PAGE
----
Saturday, May 22, 2010

Not a Virtuoso, Just an Anomaly

The Ballistic mountain band, who doesn't call themselves that, is proving to be a cornucopia of creativity. Is that a proper sentence in my use of such words? OK. I say it is a go, so it is.

It may be primarily an acoustic, vocal and harmony outfit, heavily folk influenced, but don't be too quick to judge. It was extremely challenging at first for me to quit putting too much of a blues spin on everything. After awhile I got more of the hang of the kind of precision and inventiveness needed to play decent country, or else, harmonica with these tunes.

The idea, in my book, is for the back up guys like me to add the icing on the cake. Don't try to overpower or be the cake. The style of play that is evolving here has begun to suit me, and it has definitely made me much better and more versatile. Every time we get together I feel like I am progressing a little more.

On top of that, the original music these guys are bringing out is stellar. I have become the biggest fan of both guitar players, as song writers. It has been a long time since I've played on original tunes I like so well.

They have continued to include the instrumental version of one of mine every practice. It is purely a cut loose how I want to play sort of tune. They act like I am some super skilled guy. I remind them that I am mediocre in most ways, but I have that anomaly thing going. Few if any other players go about it they way I do. I'm not really a harp player's harp player. That is not my goal anyway. I strive to be a guitar player's and a singer's harp player.

But this is the first time ever I am encouraged to do just one number entirely my way. They are good about moving somewhat out of their comfort zone, but then by now I guess it has become more easy. Not many people use a C minor Lee Oskar harmonica to cut loose with. A harp player's harp player would consider it no good because I don't get the minors by using overblows and such on a major key harp. Too bad, I like the minor tuning and I can bend and overblow that if need be.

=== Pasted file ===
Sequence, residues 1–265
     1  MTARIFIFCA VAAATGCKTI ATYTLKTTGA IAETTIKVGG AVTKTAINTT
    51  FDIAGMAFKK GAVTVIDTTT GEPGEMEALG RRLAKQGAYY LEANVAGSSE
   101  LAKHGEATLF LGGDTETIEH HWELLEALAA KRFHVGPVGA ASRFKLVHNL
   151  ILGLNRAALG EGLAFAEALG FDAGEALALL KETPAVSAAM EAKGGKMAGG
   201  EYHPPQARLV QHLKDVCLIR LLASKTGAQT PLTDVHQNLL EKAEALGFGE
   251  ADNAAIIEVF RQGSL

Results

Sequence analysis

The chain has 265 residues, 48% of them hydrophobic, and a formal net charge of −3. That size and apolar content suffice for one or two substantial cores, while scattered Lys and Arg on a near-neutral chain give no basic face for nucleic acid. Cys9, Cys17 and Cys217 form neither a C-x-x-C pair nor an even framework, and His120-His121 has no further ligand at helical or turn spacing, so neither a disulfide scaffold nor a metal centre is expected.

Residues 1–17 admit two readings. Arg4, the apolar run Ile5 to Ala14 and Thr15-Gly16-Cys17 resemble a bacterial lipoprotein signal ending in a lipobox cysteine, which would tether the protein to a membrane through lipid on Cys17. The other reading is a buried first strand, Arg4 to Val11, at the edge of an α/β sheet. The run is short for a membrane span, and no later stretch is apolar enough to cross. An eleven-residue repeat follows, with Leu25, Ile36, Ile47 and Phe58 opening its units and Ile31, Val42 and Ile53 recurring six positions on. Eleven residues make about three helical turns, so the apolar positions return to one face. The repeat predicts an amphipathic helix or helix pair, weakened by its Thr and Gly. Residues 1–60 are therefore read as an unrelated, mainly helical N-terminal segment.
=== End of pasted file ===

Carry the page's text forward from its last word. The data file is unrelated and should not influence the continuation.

No way to get the same thing on some other harp. It wouldn't have the same tone and sound. Maybe it would be better depending on who played it, but this lets me get lost and let go as much as I allow myself. It seems to be be getting better.

Who'd expect a couple of folk/country/bluegrass/gospel guys to encourage my acid rock/jazz tinge of latin jam?

The real point is that this group is open enough to encourage such things. Everyone is eager to hear everyone else's tunes, and no one is trying to be the big wahoo. Kevin is the natural for front man and anchor of the bunch, however we all know his wife is the final word. Often the focus is on her singing, then again there is Cliff who's considered the most seasoned and skilled musician.

We've progressed a lot in the last month or so. I think it coincides with the amount of original material we've added. They've been sitting on this material for awhile. Not sure what prompted them to bring it out.

This is one of the fortunate side effects of living out in the sticks high above the madding crowd.

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Ballistic Mountain, CA, United States
Like spring on a summer's day


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